No slight caprice rules thee. -- Who sounds one note... - Anne WhitneyO fair mistrust of earth's more solid shows... - Anne WhitneyIt is not death, that sometime in a sigh... - Thomas HoodOn Receiving A Gift - Thomas HoodBy every sweet tradition of true hearts,... - Thomas HoodTo George Sand: A Desire - Elizabeth Barrett BrowningOn Sitting Down To Read King Lear Once Again. - John KeatsWhen I have fears that I may cease to be ... - John KeatsTo Haydon - John KeatsPatience Taught By Nature - Elizabeth Barrett BrowningIf by dull rhymes our English must be chain'd ... - John KeatsStoop low, dear Night, a little star-breeze wakes - Anne WhitneyOn Leigh Hunt's Poem, The Story Of Rimini. - John KeatsI dreamed an angel, Angel twice, through death... - Anne WhitneyWhy did I laugh to-night? - John KeatsDarkness surrounds me with its phantom hosts... - Anne WhitneyOn A Dream - John KeatsTo A Friend Who Sent Me Some Roses - John KeatsO high-born souls, such as God sends to mould... - Anne WhitneyI know this spirit bridges unknown space... - Anne WhitneyTo Homer - John KeatsOn The Sea - John KeatsThe Meaning Of The Look - Elizabeth Barrett BrowningOn Fame (How fever'd is the man, who cannot look ...) - John KeatsIn the still hours, a stiller strength was born - Anne WhitneyTo George Sand: A Recognition - Elizabeth Barrett BrowningTO G. A. W. - John KeatsKeats's Last Sonnet - John KeatsTo J. H. Reynolds - John KeatsO solitude! if I must with thee dwell, - John KeatsTo A Sleeping Child - Thomas HoodOn A Picture Of Leander - John KeatsOn The Grasshopper And Cricket - John KeatsPerplexed Music - Elizabeth Barrett BrowningWritten In The Cottage Where Burns Was Born - John KeatsTo Kosciusko - John KeatsAfter dark vapors have oppress'd our plains ... - John KeatsOh! how I love, on a fair summer's eve, ... - John KeatsPain In Pleasure - Elizabeth Barrett BrowningContinence - Anne WhitneyAddressed To Haydon - John KeatsFrom all these mounds, though day blows fresh and warm, - Anne WhitneyNight - Anne WhitneySubstitution - Elizabeth Barrett BrowningConsolation - Elizabeth Barrett BrowningTo _. (Time's sea hath been five years at its low ebb, ...) - John KeatsTo The Nile - John KeatsAnd for that thou art Beauty, and thy name... - Anne WhitneyTears - Elizabeth Barrett BrowningI cry your mercy -- pity -- love -- ay, love ... - John KeatsPast And Future - Elizabeth Barrett BrowningThe Soul's Expression - Elizabeth Barrett BrowningThe Same (Twas then we said...) - Anne WhitneyTo ____. (My heart is sick with longing, though I feed) - Thomas HoodA Thought For A Lonely Death-Bed - Elizabeth Barrett BrowningTo Sleep - John KeatsCheerfulness Taught By Reason - Elizabeth Barrett BrowningThe Same (Might we make quest ...) - Anne WhitneyHow bravely Autumn paints upon the sky - Thomas HoodThe day is gone, and all its sweets are gone! ... - John KeatsFor The Fourteenth Of February - Thomas HoodLargess from seven-fold heavens, I pray, descend... - Anne WhitneyOf better fortune coming, then, talk not... - Anne WhitneyLear - Thomas HoodFalse Poets And True - Thomas HoodAnswer To A Sonnet Ending Thus: -- - John KeatsThe Two Sayings - Elizabeth Barrett BrowningSonnet To A Sonnet - Thomas HoodWork (What are we set on earth for? ...) - Elizabeth Barrett BrowningWork And Contemplation - Elizabeth Barrett BrowningO night, a terrible dismay still lurks... - Anne WhitneyThe Prisoner - Elizabeth Barrett BrowningTo The Spirit - Anne WhitneyTo one who has been long in city pent, ... - John KeatsSo reed-like fragile, in the world's whirl nought... - Anne WhitneyAddressed To The Same - John KeatsTo My Brother George - John KeatsTo _. (Had I a man's fair form, then might my sighs ...) - John KeatsOn Fame (Fame, like a wayward girl, will still be coy ...). - John KeatsInsufficiency - Elizabeth Barrett BrowningTo Ailsa Rock - John KeatsOn First Looking Into Chapman's Homer - John KeatsThis pleasant tale is like a little copse: ... - John KeatsThe Human Seasons - John KeatsThe world is with me, and its many cares... - Thomas HoodRead me a lesson, Muse, and speak it loud - John KeatsAlas! and yesternight I woke in terror, - Anne WhitneyFuturity - Elizabeth Barrett BrowningAdequacy - Elizabeth Barrett BrowningKeen Fitful Gusts Are Whispering Here And There - John KeatsExaggeration - Elizabeth Barrett BrowningWithin my life another life runs deep, - Anne WhitneyOn A Portrait Of Wordsworth - Elizabeth Barrett BrowningOn Seeing The Elgin Marbles - John KeatsTo Fancy - Thomas HoodYet are there sunbeams, though the kingly sun... - Anne WhitneyTo A Young Lady Who Sent Me A Laurel Crown. - John KeatsThe Seraph And Poet - Elizabeth Barrett BrowningComfort (Speak low to me, my Saviour, low and sweet ...) - Elizabeth Barrett BrowningBereavement - Elizabeth Barrett BrowningTo An Enthusiast - Thomas HoodWritten On The Day That Mr. Leigh Hunt Left Prison - John KeatsHappy is England! I could be content ... - John KeatsThe Passion Flower - Anne WhitneyHow many bards gild the lapses of time! - John KeatsIrreparableness - Elizabeth Barrett BrowningThou seem'st to solve the eternal unity... - Anne WhitneyTo The Same - Anne WhitneyOn Leaving Some Friends At An Early Hour - John KeatsC. L'E. - Anne WhitneyTo The Ocean - Thomas HoodThe Look - Elizabeth Barrett BrowningDark rolling clouds in wild confusion driven... - Caroline Bowles SoutheyAn Apprehension - Elizabeth Barrett BrowningO Mankind's God! most silent and most lowly - Anne WhitneyGrief - Elizabeth Barrett BrowningThree Flowers - Thomas Bailey AldrichTo My Brother - John KeatsDiscontent - Elizabeth Barrett Browning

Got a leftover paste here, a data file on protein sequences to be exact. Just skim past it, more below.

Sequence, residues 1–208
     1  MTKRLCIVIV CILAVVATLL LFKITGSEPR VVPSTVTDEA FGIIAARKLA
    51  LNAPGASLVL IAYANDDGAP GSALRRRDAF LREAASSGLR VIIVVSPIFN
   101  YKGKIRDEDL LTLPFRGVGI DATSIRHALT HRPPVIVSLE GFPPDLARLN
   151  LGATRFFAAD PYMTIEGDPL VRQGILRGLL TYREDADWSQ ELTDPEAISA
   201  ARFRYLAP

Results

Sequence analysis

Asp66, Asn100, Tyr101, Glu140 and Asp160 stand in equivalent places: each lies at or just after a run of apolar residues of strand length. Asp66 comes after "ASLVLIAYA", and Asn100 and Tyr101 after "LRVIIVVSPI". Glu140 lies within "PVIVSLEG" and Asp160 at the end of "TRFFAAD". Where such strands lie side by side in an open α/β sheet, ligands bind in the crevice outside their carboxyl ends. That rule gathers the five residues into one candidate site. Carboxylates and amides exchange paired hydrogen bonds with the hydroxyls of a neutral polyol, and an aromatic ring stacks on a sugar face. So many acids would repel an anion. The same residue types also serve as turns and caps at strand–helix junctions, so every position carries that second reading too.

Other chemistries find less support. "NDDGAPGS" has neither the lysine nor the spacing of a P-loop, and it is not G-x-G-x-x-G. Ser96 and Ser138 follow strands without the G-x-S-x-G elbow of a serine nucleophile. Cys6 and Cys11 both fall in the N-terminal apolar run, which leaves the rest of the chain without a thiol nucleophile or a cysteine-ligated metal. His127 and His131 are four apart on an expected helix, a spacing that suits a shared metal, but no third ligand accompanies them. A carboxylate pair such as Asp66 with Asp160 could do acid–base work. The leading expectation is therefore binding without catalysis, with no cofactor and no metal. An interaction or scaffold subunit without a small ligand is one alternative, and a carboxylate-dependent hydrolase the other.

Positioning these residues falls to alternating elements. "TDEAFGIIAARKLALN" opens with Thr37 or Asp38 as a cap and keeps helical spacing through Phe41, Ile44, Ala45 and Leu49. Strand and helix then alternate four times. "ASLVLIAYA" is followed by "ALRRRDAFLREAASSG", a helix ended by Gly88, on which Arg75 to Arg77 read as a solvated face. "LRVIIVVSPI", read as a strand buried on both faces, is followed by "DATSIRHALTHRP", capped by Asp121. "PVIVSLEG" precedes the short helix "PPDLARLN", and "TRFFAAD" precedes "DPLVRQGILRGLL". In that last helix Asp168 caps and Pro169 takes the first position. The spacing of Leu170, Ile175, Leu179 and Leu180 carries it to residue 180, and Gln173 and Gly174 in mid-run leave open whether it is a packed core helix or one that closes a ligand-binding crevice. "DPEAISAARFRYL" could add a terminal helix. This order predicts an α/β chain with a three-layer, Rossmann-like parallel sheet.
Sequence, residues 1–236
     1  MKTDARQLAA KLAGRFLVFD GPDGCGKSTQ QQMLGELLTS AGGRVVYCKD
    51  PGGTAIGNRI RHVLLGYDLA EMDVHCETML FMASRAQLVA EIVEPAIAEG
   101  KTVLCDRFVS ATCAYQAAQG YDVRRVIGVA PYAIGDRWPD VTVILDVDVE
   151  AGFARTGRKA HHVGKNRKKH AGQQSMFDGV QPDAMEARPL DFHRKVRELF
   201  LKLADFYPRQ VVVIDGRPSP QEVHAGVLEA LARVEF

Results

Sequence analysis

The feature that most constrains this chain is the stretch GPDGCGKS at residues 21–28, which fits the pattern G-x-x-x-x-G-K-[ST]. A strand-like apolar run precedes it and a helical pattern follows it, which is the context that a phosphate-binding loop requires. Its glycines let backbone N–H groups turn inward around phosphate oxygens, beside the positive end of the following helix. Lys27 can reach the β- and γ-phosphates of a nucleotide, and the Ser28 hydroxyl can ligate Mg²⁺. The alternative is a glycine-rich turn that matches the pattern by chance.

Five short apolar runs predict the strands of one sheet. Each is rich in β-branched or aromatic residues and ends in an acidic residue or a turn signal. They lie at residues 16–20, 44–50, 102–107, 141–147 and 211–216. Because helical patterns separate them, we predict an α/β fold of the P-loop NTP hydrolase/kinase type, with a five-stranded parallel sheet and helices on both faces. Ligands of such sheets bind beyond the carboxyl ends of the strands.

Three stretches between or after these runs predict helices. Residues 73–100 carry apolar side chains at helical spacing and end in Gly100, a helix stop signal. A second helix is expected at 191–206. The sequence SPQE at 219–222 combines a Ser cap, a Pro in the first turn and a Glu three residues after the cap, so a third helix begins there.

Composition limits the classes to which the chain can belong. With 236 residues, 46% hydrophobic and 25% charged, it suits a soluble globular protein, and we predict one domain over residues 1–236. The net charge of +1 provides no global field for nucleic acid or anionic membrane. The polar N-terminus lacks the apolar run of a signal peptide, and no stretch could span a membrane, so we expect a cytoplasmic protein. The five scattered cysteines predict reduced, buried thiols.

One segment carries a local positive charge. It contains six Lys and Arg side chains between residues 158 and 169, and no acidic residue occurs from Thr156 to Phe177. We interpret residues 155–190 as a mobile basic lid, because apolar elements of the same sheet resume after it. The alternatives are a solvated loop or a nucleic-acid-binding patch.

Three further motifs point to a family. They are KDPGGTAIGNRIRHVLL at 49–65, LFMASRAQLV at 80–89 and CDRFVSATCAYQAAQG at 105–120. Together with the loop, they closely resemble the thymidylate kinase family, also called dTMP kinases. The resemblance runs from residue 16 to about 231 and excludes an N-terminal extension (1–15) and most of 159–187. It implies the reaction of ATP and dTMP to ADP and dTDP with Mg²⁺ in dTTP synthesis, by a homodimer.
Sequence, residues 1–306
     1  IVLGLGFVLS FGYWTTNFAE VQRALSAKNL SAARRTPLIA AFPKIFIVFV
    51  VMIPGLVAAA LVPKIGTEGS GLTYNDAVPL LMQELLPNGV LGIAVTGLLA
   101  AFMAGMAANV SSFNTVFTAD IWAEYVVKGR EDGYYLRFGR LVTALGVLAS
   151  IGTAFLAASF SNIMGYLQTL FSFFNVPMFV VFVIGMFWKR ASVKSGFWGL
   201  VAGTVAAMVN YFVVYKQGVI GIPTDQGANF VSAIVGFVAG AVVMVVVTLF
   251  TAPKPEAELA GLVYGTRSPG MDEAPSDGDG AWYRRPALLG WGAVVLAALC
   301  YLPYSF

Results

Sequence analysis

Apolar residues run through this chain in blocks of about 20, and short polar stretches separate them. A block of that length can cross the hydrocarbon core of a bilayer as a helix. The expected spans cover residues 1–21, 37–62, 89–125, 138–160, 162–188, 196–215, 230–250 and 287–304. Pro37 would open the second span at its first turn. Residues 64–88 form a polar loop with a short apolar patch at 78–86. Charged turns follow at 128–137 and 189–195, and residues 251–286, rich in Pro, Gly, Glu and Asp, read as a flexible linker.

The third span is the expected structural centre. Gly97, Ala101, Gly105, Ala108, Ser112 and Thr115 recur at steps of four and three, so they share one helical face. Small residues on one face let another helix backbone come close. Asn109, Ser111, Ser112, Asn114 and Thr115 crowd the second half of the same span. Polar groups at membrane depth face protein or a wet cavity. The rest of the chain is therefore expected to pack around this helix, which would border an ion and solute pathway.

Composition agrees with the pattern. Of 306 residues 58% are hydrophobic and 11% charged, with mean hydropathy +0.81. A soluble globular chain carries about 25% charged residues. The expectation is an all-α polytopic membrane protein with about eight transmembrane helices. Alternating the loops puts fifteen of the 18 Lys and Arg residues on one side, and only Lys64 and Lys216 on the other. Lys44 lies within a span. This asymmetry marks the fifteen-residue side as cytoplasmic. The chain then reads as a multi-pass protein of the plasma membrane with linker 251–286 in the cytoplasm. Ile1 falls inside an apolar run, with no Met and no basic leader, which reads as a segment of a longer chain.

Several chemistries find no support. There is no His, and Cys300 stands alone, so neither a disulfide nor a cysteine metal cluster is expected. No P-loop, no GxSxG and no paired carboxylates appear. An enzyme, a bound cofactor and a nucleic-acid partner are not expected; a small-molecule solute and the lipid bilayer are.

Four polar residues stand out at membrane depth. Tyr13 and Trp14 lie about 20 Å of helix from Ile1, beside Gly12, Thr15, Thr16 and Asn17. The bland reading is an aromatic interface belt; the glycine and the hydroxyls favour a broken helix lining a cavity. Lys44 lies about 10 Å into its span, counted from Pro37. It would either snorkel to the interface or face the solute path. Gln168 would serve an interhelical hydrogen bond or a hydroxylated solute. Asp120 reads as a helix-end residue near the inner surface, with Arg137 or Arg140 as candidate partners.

Link To This Page